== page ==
Opening for Magic Slim and Johnny Winter was incredible to say the least. True Blues legends and there I was getting to be on the same stage on the same night. Wow! Magic Slim was all feel and personality and really took the crowd on a ride, it was a learning experience to watch him play. I got to open for Johnny about a month before his passing and I consider myself very lucky to have worked with a guy like that. Johnny was one of those icons that you’ve always seen or heard in magazines, TV, or radio; so it was very surreal seeing him in person. It was one of those moments where I had to make sure I was actually not dreaming. Johnny was still tearing it up just as great as always! My favorite part about the show is that he smiled one time and that was directly after someone shouted out “Johnny you’re a God!”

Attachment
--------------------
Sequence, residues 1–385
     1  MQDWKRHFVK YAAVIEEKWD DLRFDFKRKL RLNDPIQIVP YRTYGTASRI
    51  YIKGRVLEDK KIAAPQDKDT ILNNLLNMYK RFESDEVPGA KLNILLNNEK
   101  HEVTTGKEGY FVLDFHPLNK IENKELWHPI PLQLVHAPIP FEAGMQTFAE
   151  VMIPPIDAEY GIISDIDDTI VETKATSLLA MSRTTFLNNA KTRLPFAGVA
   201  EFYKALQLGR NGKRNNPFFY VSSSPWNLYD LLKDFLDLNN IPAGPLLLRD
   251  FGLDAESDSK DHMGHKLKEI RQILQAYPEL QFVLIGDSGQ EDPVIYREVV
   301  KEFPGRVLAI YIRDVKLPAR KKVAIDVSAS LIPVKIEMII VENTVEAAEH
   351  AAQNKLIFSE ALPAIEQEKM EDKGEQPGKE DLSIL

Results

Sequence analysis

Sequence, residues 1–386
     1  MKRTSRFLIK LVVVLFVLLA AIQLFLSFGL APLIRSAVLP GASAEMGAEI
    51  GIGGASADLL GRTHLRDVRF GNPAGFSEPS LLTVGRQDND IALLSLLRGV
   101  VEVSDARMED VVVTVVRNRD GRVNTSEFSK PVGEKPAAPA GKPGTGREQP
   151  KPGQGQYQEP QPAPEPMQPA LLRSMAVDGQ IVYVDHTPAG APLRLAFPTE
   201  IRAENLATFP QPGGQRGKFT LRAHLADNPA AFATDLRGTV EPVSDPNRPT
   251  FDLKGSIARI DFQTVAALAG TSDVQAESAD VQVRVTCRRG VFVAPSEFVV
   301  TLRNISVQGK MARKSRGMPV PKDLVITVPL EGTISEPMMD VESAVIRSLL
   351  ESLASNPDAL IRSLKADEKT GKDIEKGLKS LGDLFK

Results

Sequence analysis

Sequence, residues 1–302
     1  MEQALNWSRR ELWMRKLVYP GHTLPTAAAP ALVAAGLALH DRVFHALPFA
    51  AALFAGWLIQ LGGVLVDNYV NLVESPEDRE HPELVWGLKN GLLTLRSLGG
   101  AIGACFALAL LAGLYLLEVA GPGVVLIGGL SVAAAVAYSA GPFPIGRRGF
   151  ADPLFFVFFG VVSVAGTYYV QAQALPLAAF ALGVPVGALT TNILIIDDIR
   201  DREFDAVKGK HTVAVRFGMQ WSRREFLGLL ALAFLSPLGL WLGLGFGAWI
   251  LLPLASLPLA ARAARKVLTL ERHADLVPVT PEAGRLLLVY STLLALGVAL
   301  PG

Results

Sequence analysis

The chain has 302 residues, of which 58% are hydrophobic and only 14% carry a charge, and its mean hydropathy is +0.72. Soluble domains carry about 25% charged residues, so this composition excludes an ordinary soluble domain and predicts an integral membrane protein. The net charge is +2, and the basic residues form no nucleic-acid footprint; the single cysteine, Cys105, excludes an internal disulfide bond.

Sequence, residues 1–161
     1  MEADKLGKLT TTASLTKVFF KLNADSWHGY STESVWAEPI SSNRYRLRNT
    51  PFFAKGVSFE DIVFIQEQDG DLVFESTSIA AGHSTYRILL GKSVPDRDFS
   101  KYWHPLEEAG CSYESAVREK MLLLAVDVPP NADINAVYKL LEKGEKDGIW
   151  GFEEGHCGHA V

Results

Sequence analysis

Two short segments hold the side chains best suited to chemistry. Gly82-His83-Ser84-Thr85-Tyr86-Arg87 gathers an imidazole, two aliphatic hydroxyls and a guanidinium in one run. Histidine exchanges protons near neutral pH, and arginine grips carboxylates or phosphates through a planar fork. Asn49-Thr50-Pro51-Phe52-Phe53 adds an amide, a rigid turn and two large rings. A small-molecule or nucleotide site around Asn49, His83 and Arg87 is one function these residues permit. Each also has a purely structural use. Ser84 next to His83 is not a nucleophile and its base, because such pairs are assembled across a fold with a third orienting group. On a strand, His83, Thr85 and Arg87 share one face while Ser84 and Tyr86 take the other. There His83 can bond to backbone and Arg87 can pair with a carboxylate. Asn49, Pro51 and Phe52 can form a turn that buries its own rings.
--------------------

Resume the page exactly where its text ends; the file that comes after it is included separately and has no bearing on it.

What is the impact of Blues, Rock and Soul music on the racial, political and socio-cultural implications?
I try my best to stay out of politics publicly, not because I don’t care, but because I like to make people happy and help them escape the everyday hardships of life. That’s my job. I do think music is a direct reflection of what’s going on in the world yesterday, today, and tomorrow. I also believe with a powerful song you can sway the direction of a culture, but few have ever done that.
Let’s take a trip with a time machine, so where and why would you really want to go for a whole day?
Go directly to the 20’s, because live music, at that time, was all about awesome displays of musicianship. It would be great to go back to that time to soak up as much of that in person as I possibly could. I’d find Leadbelly, Robert Johnson, and Blind Lemon Jefferson and start a jam that would last all through the night.